Owners often ask how to tell a good vet from a bad one. All UK registered vets must meet the same high standards that are required to be a member of the Royal College of Veterinary Surgeons (RCVS), the governing body of the veterinary profession.
The RCVS ensures that all vets who practise in the UK have completed an approved university degree course or passed rigorous additional exams. This means that all UK vets meet a high standard of veterinary training and care.
How do I choose a good vet?
You can choose a vet here or by visiting the RCVS ‘find a vet’ feature on their website (www.rcvs.org.uk). It is best to choose a practice that is close to you, so that you could get to the practice as quickly as possible in an emergency. You should also consider whether the practice provides its own out-of-hours service on-site, or whether it would be necessary to travel further afield for this service.
The RCVS has developed a voluntary Practice Standards Scheme (PSS) for vet practices to sign up to. To be given PSS accreditation they have to be inspected to ensure they meet high standards across many areas. Practices can also apply for different awards under the PSS. They usually display these awards in prominent places in the practice or on their website.
You can also find out whether the practice has any vets with particular areas of interest. Most vets are like your local GP doctor and see all types of animals who have all sorts of different conditions. Some vets may have developed areas of interest and further qualifications, such as in advanced surgery or in exotic species. You can ask the vet if they hold further qualifications. Specialist vets are more like human hospital consultants. They specialise in one area of expertise, such as dermatology (skin) or neurology (nervous system). You need to be referred by your regular vet, if your pet needs specialist care.
Will a vet put down a healthy dog?
A vet does not have to put a healthy pet to sleep unless it falls under a statutory obligation (including aggression). If you think your pet needs to be put down for any reason, even though they appear to be healthy, you should speak to a vet for advice and guidance about what options are available.
How do you thank your vet?
Vets love caring for your pets, and it is so rewarding to see a patient recover from an illness or injury. It is also a real privilege to be able to provide support and to be there for patients and their owners during the difficult times. That being said, a simple thank you can really brighten up a vet’s day. Vets are under a lot of pressure and responsibility, so hearing that they have helped make a difference will be really appreciated.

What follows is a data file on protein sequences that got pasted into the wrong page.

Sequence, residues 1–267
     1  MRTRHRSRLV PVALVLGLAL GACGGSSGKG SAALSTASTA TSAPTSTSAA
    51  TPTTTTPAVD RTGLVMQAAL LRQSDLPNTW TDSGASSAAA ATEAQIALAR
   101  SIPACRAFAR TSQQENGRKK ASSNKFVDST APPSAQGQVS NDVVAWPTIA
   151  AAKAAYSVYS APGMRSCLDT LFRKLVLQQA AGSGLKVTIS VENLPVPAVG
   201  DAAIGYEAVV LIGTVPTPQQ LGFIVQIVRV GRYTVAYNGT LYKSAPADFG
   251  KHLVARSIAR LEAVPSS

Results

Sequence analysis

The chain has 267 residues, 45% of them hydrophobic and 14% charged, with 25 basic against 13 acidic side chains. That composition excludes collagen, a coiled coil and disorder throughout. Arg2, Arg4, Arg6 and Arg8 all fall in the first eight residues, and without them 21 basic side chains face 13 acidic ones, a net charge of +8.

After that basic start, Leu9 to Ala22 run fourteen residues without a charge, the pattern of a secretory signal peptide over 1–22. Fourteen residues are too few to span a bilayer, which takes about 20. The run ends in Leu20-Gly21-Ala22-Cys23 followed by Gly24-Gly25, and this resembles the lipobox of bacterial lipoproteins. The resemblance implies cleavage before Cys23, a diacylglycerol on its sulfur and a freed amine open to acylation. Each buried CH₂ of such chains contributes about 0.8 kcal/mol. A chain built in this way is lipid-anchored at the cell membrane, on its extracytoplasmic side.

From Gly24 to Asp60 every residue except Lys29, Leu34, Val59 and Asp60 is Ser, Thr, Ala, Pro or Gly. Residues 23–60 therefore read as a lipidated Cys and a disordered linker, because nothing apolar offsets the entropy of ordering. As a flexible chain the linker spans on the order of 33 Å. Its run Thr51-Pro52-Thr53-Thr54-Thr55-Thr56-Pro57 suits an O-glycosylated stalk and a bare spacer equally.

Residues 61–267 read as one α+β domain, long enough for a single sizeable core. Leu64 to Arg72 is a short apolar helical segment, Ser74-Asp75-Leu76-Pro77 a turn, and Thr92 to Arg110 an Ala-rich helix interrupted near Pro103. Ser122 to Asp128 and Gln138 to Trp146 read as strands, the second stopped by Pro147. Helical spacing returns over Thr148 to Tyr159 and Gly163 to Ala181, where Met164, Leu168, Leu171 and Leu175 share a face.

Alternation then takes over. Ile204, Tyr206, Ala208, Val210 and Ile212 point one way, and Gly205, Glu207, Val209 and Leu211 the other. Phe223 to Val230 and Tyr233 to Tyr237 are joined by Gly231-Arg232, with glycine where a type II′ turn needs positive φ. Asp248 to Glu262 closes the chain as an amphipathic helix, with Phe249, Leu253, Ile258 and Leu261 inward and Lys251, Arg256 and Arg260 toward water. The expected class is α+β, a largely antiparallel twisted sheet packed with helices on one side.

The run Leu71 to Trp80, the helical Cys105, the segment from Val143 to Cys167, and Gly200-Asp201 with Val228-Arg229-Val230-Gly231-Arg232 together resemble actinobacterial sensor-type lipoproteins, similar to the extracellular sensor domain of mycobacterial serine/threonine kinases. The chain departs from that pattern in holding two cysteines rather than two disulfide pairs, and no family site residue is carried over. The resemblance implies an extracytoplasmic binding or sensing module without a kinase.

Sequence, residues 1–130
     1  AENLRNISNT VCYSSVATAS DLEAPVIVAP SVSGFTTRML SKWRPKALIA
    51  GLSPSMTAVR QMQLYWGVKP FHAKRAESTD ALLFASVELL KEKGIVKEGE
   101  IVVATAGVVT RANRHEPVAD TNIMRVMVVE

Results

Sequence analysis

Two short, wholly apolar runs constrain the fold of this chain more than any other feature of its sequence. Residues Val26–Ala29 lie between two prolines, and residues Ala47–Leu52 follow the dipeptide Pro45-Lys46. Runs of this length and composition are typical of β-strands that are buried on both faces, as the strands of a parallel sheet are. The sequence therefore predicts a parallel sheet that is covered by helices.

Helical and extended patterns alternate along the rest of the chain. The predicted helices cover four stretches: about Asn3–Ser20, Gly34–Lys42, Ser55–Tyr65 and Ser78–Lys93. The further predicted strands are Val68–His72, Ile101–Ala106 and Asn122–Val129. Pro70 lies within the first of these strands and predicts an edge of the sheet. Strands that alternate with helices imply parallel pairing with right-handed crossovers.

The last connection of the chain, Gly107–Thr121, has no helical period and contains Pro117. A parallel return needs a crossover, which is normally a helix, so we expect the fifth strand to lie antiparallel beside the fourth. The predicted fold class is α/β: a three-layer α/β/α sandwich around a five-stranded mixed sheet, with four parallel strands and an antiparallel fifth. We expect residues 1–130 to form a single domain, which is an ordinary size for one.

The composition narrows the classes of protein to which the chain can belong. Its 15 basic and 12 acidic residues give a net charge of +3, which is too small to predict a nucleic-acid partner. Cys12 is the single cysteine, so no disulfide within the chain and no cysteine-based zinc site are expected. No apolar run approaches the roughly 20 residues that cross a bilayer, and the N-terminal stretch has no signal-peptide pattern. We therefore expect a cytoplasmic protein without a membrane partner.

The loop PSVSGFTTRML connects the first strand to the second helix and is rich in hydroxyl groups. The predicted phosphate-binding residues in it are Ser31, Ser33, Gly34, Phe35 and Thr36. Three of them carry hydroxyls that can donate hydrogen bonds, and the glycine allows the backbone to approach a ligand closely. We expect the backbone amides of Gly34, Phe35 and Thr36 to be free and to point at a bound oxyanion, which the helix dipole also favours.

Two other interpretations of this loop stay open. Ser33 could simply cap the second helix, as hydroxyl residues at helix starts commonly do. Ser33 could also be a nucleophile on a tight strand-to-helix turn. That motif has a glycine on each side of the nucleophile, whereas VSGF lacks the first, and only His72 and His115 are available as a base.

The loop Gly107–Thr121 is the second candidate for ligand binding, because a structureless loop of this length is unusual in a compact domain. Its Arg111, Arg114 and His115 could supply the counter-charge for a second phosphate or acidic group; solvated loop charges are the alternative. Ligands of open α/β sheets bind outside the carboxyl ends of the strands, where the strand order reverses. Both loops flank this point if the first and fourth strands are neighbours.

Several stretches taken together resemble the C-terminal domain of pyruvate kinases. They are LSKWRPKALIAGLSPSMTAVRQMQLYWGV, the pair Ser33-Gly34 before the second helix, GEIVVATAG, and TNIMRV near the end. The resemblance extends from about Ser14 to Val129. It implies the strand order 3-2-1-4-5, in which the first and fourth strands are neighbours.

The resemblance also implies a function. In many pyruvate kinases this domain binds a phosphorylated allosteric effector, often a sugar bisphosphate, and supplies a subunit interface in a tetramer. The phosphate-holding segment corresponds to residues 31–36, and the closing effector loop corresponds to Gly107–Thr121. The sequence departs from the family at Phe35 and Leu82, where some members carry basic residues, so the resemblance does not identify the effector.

There is absolutely no expectation for anything further, but if you want to give your vet a small token then a card and/or something that can be shared with the team is wonderful. There are lots of other practice members helping behind the scene, such as the vet nurses and vet receptionists, so a box of biscuits or chocolates can be enjoyed by everyone.
Is it OK to change vets?
It's fine to change vet practices, although you will need to inform the old practice that you are moving and request that they send over medical notes to the new practice. If your pet has a long-term health problem, is in the middle of receiving treatment, or has recently had surgery, you should speak to the vet practice about how to make the transition smooth. If you are unhappy with the care provided by a practice, you can ask to speak to a practice manager to discuss your concerns. If the practice are able to address these, it can be better to keep your pet under their care to ensure consistent treatment.
Will vets transfer records?
A vet practice will happily send pet health/medical records to a different practice as long as you give them permission and, of course, you've let them know too.
Can you use more than one vet?
Do not use more than one vet practice. None of the practices will have a complete medical history for your pet, so the standard of care can be compromised. Each vet will also be unaware of any treatment performed at other practices.
The exceptions to this are to get a second opinion, or if you need emergency care while not in your local area. In the case of an emergency, contact the nearest vet practice. If you are able to do so, it's worth contacting your local clinic and asking them to send ahead your pet’s medical notes. For second opinions or referrals, it's best to organise these through your usual clinic.
How do you address an envelope to a vet?
To send a letter or document to a vet practice, you can usually find the practice address on their website. If you are unsure who to address the envelope to, you can contact the practice by phone.